“Once I got connected in the SGA, I had my hand on the pulse,” says Alan, who was associated with over 240 volunteer organizations during his college career. “My work in the SGA is what opened me up to the world of philanthropy.”
And, of course, he was active in that world, too. Not only did he help raise $17,500 through the SGA’s annual bike auctions, he also helped raise $80,000 for YEScarolina, $5,000 for the Huntsman Cancer Institute and $5,000 for the American Cancer Society. He also ran a toiletry drive for Crisis Ministries and a fundraiser for the Wounded Warrior Project. All on top of his volunteer work for the Lowcountry Food Bank, Special Olympics and the Charleston Miracle League.
“Community service is invaluable to me,” says Alan, who was nominated for a 2013 College of Charleston ExCel Award for his impact in the community. “It really charges me, energizes me. It gets you active in your community, and that’s an education in and of itself. It’s a tangible way to help others, but it’s also a spiritual way to help yourself. Plus, I think it’s a good business experience, too – it teaches you about the real world in ways you can’t learn in school. The College of Charleston is so good about encouraging service learning and getting that kind of experience.”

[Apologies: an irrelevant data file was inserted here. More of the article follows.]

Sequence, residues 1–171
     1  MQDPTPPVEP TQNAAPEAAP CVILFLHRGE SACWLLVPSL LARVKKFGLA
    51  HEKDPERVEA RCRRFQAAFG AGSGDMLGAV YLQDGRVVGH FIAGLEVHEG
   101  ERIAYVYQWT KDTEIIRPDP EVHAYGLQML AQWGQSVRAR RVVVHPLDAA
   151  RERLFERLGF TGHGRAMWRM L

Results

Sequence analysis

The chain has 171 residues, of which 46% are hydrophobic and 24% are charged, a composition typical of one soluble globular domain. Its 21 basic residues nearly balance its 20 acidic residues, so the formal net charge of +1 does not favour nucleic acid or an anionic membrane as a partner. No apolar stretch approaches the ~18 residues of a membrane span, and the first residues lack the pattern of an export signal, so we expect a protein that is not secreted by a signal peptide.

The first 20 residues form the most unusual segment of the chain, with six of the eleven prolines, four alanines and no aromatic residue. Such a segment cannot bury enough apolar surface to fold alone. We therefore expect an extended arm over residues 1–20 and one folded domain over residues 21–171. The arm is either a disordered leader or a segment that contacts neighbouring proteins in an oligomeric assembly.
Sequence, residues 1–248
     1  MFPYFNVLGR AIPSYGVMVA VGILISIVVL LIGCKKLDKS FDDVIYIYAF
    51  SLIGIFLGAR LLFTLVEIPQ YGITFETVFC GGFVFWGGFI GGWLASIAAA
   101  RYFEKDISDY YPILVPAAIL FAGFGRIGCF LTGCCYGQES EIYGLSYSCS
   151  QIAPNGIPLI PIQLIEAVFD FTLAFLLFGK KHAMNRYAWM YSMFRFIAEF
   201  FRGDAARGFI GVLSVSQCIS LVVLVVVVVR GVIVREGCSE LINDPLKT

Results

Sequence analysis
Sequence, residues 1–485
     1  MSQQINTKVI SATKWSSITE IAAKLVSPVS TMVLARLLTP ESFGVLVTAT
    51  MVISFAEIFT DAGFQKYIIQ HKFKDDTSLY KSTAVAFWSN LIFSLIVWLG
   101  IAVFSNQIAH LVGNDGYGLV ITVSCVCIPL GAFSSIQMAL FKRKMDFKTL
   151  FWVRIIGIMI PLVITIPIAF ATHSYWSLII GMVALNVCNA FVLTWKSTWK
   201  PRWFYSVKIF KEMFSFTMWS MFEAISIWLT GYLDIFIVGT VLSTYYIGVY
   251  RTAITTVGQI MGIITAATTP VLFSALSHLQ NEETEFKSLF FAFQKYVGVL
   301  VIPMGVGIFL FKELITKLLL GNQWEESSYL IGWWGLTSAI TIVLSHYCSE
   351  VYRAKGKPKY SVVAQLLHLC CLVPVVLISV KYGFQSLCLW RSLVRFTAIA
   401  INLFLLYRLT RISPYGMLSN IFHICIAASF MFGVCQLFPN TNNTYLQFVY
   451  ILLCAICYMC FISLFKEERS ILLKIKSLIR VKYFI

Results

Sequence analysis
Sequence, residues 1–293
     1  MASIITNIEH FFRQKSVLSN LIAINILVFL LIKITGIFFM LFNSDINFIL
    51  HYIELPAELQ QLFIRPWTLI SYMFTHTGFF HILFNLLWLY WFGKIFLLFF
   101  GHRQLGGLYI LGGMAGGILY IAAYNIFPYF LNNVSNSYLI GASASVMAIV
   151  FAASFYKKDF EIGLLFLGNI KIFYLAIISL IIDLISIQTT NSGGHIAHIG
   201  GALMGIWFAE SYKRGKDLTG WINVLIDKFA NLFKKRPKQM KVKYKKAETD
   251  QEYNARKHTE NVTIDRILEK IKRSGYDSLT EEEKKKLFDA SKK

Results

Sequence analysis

But, as Alan points out, the College doesn’t just provide real-world experience through service opportunities: It comes from academic and research opportunities, as well.
“The College as a whole is such a nurturing, dynamic place with an incredible amount of community engagement, so students aren’t just isolated in some bubble: They’re out there in the world, interacting with people in their fields,” he says. “There’s no other school that does that like we do.”
Add in his minor in real estate and concentration in entrepreneurship, and Alan had more than enough applicable experience by the time he graduated.
“I am able to do what I do now because of the experience I got in the real estate program. It applies to exactly what I do now. You can’t get any more real world than that,” says Alan, winner of the College’s 2015 ARGUS Competition. “And the entrepreneurship program was the same: directly applicable. It’s the best. With the entrepreneurship program at the College of Charleston, you will succeed. I truly believe in the unique experience that it provides.”
What makes it so distinctive? Maybe it’s because that entrepreneurial mindset spills over into the rest of the College’s activities.
“That’s the thing about the College of Charleston: From one end of campus to the other, there’s an entrepreneurial spirit – a lifestyle – that encourages lifelong learning and a thoughtful, interactive perspective,” says Alan. “It’s everywhere you look – all over the entire campus. That energy seeps through to every part of the College.”
After all, when you’ve got that kind of energy, it has to go somewhere.